Literary Dependence and Luke’s Prologue

Paul Felix | August 25, 2009

The first four verses of Luke’s gospel set that book apart from Matthew, Mark, and John in giving information about the writer’s research. Attempts of some to use the information to prove Luke’s literary dependence on Mark necessitate a closer look at this prologue. The carefully structured sentence tells the context of the author’s writing project (1:1-2) and gives a commentary on the writing project (1:3-4). Others had preceded Luke in attempting to put together accounts of Jesus’ life, but for some reason Luke found their efforts unsatisfactory. He decided to write an account himself, basing it ultimately on reports from “eyewitnesses and servants of the word.” His credentials for the task were impressive, including careful investigation of all events from the beginning of Jesus’ life and putting the results down in chronological order. His purpose in doing this was to furnish Theophilus with exact information. Implications of the prologue preclude Luke’s use of another canonical gospel as a source, but allow for his familiarity with other written sources. He depended on many sources, not two or three, but was most heavily dependent on oral reports from “eyewitnesses and servants of the word.” He followed chronological order, not an order supplied by Mark. So the prologue does not support any type of literary dependence among the canonical gospels, but points to their independence of each other.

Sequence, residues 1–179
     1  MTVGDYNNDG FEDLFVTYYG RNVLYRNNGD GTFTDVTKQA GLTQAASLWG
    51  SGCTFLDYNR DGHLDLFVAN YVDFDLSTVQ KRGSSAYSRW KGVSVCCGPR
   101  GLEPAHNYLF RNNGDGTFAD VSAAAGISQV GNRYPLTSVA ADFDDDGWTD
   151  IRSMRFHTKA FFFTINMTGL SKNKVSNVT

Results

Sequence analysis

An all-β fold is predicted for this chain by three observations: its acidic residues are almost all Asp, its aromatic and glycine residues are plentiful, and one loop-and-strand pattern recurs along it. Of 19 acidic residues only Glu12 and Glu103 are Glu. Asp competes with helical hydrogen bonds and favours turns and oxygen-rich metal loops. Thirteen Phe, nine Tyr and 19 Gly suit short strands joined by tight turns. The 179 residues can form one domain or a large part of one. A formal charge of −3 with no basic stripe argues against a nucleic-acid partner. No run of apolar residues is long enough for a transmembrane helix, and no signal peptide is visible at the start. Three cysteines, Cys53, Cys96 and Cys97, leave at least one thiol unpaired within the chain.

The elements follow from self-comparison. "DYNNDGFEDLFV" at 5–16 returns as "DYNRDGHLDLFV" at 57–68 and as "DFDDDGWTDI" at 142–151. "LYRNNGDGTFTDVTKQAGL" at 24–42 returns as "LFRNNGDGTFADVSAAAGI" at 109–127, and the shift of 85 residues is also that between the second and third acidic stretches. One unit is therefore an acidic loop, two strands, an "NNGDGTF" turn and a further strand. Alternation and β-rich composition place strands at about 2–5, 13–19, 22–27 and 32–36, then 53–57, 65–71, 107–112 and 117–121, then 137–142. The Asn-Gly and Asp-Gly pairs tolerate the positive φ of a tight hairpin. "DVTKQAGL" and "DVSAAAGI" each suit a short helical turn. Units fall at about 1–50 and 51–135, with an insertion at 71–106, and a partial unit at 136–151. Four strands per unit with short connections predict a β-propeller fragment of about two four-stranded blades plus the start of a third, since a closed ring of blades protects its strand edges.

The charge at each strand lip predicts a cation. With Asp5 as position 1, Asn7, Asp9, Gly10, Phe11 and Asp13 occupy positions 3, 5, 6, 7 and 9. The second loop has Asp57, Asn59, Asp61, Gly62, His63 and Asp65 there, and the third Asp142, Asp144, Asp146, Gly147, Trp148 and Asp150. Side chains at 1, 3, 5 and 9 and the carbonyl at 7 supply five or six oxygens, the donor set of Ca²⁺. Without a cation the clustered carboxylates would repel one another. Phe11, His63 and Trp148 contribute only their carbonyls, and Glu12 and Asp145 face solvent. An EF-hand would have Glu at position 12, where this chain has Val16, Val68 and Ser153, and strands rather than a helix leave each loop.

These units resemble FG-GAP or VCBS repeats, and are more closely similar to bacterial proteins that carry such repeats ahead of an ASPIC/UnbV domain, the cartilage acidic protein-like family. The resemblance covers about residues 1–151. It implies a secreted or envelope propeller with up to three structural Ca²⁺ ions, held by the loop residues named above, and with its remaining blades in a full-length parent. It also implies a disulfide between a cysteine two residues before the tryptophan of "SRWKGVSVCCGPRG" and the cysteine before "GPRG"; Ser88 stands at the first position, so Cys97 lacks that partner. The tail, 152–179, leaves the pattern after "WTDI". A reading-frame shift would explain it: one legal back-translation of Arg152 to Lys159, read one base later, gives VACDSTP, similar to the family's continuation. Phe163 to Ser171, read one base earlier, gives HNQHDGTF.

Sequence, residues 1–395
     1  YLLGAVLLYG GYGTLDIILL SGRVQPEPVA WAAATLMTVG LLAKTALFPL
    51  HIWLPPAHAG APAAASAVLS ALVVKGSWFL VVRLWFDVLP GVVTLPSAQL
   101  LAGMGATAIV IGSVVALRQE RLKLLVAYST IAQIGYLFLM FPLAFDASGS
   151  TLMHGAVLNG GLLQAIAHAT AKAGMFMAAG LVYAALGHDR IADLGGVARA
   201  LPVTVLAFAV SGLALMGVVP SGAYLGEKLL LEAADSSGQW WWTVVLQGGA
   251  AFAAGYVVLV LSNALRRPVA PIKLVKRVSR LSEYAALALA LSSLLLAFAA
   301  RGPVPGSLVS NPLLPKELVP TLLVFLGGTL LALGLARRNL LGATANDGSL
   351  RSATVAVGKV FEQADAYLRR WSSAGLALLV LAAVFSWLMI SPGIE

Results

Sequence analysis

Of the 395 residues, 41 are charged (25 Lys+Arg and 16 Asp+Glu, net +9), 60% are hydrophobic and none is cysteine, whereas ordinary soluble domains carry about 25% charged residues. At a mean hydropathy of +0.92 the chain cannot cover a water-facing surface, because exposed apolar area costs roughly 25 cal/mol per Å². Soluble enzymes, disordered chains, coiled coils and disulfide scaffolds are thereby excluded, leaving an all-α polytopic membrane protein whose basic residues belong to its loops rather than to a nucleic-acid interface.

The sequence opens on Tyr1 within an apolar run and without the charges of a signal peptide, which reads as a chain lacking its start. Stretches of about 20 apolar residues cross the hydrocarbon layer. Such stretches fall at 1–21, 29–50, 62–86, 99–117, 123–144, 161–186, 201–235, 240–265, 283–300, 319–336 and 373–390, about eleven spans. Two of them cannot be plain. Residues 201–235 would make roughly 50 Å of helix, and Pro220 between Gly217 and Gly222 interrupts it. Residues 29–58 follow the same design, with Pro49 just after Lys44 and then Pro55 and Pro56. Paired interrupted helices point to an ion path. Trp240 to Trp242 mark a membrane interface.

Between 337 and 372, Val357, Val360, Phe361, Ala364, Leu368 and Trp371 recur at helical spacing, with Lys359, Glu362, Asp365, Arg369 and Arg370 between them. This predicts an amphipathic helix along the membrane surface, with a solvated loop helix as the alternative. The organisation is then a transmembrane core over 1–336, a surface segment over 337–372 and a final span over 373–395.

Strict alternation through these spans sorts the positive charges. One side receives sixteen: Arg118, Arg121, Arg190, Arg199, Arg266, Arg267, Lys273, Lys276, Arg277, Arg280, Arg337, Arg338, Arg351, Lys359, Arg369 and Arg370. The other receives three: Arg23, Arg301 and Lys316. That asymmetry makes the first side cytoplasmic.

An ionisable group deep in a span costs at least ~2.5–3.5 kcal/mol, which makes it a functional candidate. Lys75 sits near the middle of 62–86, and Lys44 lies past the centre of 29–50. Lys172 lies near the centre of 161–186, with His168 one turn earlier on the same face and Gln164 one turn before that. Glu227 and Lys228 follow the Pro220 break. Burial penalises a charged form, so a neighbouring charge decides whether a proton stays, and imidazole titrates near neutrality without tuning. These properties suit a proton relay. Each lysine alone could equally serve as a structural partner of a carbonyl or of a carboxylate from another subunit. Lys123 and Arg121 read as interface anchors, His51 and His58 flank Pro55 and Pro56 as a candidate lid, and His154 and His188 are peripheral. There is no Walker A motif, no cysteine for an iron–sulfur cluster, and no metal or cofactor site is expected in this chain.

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Paul Felix Associate Professor of New Testament B. A., University of Redlands M. A., Talbot Theological Seminary M. Div., The Master's Seminary Th. M., The Master's Seminary Th. D., The Master's Seminary Upon completion of his undergraduate studies, Professor Felix worked in the data processing profession as a Senior Systems Programmer for a number of years. It was during this time that he studied at Talbot Theological Seminary. Professor Felix served as the Assistant Pastor in his local church as well as teaching and serving as Vice-President for Academic Affairs at the Los Angeles Bible Training School from 1982 to 1992. From 1992 to 1996, he served as a faculty associate at The Master's Seminary. Between 1996 and 1999 Professor Felix served as senior pastor at Berean Bible Church in Denver, Colorado. In the summer of 1999 he returned to TMS as an instructor in the New Testament Department. In addition to his responsibilities at TMS, Mr. Felix serves as the President of the Los Angeles Bible Training School (www.labts.org). Professor Felix was a contributor to The Jesus Crisis (Kregel, 1998) and The Master's Perspective on Contemporary Issues (Kregel, 1998).

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